Before we dive into these archival pieces, it is important to provide some context. Although the crimes discussed herein are not strictly bushranging, these are some of the only freely available records of one of Tasmania’s (and indeed, Australia’s) earliest bushrangers – Richard Lemon. In the following years, Lemon would make a name for himself as a robber, murderer and tormentor of Aboriginal people in Van Diemen’s Land before meeting a suitably violent end.

Sydney Gazette and New South Wales Advertiser (NSW : 1803 – 1842), Sunday 27 October 1805, page 2


On Friday a Bench of Magistrates assembled; when a labourer named Purvey, committed from Hawkesbury on suspicion of embezzling wheat from his employer, underwent an examination and was remanded for a full Bench.

Richard Lemon, a lad about 17 years of age, stood charged with various robberies perpetrated within the space of the last few months.

F. Evans, a labourer and indented servant to J. Harris, Esq. stood charged as an accomplice; Elizabeth Lily stood charged as a receiver of stolen goods; and Henry Harding, a fellow servant with the two male delinquents, was accused of having partaken of the property feloniously obtained by Lemon, well knowing in what manner it had been so obtained; and moreover with having encouraged and taken advantage of his vices, by swindling him at cards of the wages of his iniquity.

A quantity of wearing apparel found in the possession of Elizabeth Lily, was proved to be the property of I. Sutherland, a private in the N.S.W. Corps, who had been twice plundered by the same villains, as acknowledged by Lemon from whom the woman had received the property. This youthful miscreant declared the fact of having committed the said robbery by himself; but in his acknowledgment of the first implicated Evans, who not only accompanied him, but officiated as treasurer, and paid him his dividend. Another felony committed upon the property of A. Snowden, was likewise proved against the prisoners; and in aggravation of the crime itself it appeared, that the latter was a fellow workman, employed by the same Gentleman, and in daily habits of intimacy and friendly intercourse. Lemon acknowledged the fact; and Evans likewise acknowledged that he had told him of it; but gave as a reason for keeping it a secret from Snowden, that he did not like to promote dissention among friends.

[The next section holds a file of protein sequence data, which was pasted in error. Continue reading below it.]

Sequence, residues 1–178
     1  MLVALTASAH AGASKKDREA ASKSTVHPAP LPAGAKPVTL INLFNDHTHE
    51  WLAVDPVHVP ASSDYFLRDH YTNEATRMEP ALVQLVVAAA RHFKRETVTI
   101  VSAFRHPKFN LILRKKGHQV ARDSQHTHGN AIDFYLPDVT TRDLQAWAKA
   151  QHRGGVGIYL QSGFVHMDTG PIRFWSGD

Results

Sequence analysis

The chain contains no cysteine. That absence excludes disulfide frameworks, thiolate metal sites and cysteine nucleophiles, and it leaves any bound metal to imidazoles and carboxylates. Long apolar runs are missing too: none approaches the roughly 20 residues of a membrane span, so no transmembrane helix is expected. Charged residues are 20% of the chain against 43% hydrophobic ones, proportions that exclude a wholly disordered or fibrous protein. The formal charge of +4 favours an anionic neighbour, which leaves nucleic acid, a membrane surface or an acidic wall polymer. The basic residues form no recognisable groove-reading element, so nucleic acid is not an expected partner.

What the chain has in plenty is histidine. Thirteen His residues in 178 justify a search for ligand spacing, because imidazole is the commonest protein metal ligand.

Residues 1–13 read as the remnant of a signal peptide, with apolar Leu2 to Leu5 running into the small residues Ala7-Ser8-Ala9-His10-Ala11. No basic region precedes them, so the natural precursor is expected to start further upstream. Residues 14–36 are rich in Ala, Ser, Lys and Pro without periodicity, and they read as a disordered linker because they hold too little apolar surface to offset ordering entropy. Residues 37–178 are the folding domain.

Lemon, not content with practising his villainies upon his friends and acquaintances, and whomsoever else chance had thrown in his way, at length threw himself into the arms of justice by a theft upon his Master, which tho’ trivial bespoke him infamous, and justified suspicion of his guilt in crimes of which he had been indirectly challenged.

Evans, although a convict servant, was in the habit of receiving the most liberal encouragement from the Gentleman above-mentioned, and besides his weekly subsistence, a pecuniary reward for his services as a good mechanic, at least equivalent to the wages demanded by the best free labourers; yet it now is manifest that indulgence has been shamelessly abused, and generosity odiously repaid with imposition and neglect.— All the parties were remanded.

Sydney Gazette and New South Wales Advertiser (NSW : 1803 – 1842), Sunday 10 November 1805, page 2


At a bench of Magistrates convened on Monday, the following persons were examined, viz. William Evans, labourer, for larceny ; Henry Harding, for gambling with Lemon, a boy, and obtaining money from him under a consciousness that he had dishonestly become possessed of it, was ordered to receive 50 lashes, and to work in irons in the gaol gang ; Richard Lemon, charged with various petty theft, all which he acknowledged himself guilty of, was in consideration of his voluntary information to the Magistrates, and other favorable circumstances, excused any further punishment than the gaol gang ; and Elizabeth Lily, for re-ceiving the property stolen by Lemon, was ordered to work three years for the Crown, to commence from the expiration of her original term of transportation.

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